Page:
by Ester Sahle (University of Bremen)
In the wake of the Libor scandal in 2012, Barclay’s bank suffered severe reputational damage. In response, its CEO promised a return to the bank’s Quaker roots. With this he referred to Barclay’s history as a Quaker-founded bank, and the proverbial Quaker honesty. The idea of the honest Quaker businessman is part of popular culture and historians have argued that honesty in business was an inherent trait of Quakerism from its beginnings.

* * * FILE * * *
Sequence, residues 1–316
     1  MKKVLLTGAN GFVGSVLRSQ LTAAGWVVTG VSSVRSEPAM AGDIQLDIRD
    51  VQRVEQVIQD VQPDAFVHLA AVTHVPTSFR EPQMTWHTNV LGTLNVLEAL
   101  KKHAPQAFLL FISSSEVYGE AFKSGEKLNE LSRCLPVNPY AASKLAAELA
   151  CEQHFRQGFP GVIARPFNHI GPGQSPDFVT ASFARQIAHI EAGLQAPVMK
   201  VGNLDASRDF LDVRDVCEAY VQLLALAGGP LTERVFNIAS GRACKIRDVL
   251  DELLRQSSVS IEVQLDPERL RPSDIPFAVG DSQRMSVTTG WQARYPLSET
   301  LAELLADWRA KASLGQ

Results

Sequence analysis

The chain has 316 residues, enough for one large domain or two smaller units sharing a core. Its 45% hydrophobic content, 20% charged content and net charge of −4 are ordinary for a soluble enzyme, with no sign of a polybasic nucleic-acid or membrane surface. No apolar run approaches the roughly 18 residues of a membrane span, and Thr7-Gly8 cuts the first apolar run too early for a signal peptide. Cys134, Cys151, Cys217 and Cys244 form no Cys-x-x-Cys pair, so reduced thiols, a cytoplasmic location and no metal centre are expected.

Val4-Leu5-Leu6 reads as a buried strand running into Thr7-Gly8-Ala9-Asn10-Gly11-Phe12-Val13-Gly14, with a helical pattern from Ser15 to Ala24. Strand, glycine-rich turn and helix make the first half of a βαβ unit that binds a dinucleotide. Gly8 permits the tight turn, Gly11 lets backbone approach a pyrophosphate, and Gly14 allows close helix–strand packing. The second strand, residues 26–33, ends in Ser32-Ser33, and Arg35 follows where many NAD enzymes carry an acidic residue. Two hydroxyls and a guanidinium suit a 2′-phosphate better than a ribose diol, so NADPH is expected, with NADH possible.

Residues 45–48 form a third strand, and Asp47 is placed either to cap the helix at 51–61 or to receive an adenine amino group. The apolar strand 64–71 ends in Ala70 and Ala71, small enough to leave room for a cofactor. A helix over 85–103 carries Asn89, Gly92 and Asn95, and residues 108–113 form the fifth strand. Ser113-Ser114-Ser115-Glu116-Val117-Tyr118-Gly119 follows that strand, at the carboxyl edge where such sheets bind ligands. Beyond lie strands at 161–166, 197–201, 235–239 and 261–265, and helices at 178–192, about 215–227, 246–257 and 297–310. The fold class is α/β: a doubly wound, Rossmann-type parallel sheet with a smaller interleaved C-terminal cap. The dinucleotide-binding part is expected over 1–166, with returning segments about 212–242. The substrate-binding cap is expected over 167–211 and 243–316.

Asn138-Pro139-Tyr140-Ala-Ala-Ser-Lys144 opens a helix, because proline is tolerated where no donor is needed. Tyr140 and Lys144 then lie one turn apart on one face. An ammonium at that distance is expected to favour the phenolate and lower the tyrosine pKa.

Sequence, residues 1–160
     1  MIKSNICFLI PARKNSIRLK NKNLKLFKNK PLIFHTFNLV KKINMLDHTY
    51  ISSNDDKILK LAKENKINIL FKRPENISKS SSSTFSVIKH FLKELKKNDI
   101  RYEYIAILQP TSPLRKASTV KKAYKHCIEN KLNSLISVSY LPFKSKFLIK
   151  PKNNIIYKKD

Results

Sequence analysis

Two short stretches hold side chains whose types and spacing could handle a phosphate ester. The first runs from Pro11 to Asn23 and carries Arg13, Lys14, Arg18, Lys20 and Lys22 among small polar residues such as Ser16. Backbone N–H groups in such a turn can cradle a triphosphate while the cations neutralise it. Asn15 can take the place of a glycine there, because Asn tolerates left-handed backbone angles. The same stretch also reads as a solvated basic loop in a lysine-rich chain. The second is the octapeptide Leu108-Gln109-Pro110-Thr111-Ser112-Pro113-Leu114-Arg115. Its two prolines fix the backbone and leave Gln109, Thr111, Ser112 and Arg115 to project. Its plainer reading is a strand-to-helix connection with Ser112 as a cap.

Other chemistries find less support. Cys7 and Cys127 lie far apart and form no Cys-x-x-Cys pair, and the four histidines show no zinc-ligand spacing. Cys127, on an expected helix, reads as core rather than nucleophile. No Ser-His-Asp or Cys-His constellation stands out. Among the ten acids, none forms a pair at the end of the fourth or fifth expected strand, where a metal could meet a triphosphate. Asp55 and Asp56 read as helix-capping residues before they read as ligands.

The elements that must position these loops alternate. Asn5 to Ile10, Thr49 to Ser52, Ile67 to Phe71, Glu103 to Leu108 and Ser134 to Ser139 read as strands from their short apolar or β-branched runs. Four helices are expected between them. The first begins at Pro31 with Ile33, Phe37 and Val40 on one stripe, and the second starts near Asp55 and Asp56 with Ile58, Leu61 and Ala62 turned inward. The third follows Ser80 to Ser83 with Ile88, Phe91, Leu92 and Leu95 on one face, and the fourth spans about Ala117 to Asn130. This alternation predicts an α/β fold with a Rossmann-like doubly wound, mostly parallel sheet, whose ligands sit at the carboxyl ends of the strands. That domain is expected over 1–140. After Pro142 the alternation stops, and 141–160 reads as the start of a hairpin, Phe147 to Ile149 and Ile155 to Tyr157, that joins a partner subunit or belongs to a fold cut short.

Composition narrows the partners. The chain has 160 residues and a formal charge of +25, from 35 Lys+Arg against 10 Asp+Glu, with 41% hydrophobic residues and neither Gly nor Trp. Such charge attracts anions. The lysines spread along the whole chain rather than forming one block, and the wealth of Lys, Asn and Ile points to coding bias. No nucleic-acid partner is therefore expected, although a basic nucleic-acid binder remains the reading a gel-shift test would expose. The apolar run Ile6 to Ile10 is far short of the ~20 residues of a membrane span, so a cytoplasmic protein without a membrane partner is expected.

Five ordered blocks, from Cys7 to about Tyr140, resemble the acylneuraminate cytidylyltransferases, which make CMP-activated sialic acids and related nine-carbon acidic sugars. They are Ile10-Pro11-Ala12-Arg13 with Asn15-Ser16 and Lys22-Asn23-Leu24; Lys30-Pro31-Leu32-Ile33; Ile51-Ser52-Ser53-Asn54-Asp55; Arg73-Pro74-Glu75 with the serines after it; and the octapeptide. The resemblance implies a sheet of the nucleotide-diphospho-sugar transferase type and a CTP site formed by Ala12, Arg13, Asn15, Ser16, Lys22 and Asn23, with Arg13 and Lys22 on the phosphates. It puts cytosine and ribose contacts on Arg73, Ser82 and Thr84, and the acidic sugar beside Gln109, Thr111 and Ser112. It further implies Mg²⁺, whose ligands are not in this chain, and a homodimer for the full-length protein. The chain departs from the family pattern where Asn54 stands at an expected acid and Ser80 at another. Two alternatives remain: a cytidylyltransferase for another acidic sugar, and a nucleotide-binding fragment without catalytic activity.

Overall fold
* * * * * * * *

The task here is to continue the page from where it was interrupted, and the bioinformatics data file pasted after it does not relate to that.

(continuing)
The Society of Friends, learned opinion would have it, disowned culpable bankrupts. Thereby, it created an incentive for Friends to be honest in their conduct of business. The empirical basis for these claims however is curiously thin. The literature cites few actual instances of disownments for business-related offences from the seventeenth and eighteenth centuries. Most known cases stem from the nineteenth century, when this was indeed common practice. The story of Quaker…
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